But Eichenholz also stressed that an autonomous vehicle on the road operates in a “target-rich” environment, with hundreds of other autonomous vehicles shooting out their own laser signals. That environment, he said, creates huge challenges of background noise and interference. And he noted some of the same issues with supply chain, cost control, and zero error tolerance that formed the focus of an FiO presentation on Monday morning.
“If you look at all these things, the handcuffs go on in how you’re going to design your system,” Eichenholz said. “We joke, having worked on this for five years, that we’ve discovered two thousand ways not to build a lidar system.”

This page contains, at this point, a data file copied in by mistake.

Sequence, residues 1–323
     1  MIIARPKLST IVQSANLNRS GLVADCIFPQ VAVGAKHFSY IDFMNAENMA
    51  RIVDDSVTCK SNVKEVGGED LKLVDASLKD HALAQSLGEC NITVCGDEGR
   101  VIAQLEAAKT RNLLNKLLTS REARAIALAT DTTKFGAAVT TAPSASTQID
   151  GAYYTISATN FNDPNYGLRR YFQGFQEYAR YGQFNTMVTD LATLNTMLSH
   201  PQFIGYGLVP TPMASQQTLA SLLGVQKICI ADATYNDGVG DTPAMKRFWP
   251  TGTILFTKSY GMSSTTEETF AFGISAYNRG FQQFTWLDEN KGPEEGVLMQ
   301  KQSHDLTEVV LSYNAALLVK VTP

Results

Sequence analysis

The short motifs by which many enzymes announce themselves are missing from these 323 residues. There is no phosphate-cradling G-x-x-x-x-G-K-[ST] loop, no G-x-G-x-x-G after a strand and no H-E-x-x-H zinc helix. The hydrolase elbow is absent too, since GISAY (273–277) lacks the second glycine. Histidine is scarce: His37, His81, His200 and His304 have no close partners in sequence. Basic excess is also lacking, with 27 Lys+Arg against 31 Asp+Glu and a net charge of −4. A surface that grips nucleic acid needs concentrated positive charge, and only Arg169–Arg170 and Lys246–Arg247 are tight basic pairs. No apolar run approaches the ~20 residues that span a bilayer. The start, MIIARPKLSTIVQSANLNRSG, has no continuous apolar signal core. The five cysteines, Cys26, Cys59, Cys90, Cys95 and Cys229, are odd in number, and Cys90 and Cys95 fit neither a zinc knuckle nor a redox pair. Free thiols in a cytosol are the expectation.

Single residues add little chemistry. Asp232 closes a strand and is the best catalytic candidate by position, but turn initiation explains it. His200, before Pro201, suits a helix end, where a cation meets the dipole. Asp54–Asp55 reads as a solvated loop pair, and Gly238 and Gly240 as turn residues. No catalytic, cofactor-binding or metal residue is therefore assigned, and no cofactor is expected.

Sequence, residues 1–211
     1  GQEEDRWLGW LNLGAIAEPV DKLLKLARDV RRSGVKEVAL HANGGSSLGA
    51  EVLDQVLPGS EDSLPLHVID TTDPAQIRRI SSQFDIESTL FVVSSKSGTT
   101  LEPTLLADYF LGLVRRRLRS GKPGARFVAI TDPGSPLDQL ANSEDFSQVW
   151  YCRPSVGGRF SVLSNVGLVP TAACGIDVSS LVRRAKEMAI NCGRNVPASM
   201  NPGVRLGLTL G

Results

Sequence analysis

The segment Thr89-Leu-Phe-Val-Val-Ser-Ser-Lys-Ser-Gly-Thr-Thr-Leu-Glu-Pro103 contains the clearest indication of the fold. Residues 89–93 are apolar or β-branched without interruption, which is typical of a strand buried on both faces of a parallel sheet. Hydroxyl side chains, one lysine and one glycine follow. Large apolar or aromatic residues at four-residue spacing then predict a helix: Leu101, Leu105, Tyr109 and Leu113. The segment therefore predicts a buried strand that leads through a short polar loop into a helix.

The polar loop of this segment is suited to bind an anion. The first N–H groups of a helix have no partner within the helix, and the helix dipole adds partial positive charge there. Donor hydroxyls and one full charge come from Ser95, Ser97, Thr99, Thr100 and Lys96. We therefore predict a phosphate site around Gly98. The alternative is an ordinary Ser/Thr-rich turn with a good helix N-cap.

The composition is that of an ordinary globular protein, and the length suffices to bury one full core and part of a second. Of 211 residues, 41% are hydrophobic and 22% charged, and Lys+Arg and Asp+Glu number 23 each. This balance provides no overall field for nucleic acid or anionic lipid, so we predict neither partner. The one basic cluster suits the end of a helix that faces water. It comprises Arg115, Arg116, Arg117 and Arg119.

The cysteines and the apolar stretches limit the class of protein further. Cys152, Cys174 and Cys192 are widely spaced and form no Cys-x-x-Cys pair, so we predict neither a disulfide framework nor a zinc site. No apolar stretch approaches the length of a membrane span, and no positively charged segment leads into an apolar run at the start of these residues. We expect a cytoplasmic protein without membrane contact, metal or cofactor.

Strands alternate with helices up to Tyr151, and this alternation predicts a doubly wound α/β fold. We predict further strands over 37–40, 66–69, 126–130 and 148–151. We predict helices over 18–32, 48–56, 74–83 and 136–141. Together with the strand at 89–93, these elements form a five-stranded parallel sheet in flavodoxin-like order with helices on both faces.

Toward “enabling autonomy”
Eichenholz outlined some of the approaches and technical steps that Luminar has adopted in its path to meet those many requirements in autonomous-vehicle lidar. One step, he said, was the choice of a 1550-nm, InGaAs laser, which allows both eye safety and a good photon budget. Another was the use of an InGaAs linear avalanche photodiode detector rather than single-photon counting, and scanning the laser signal for field coverage rather than using a detector array. The latter two decisions, he said, substantially reduce problems of background noise and interference. “This is a huge part of our architecture.”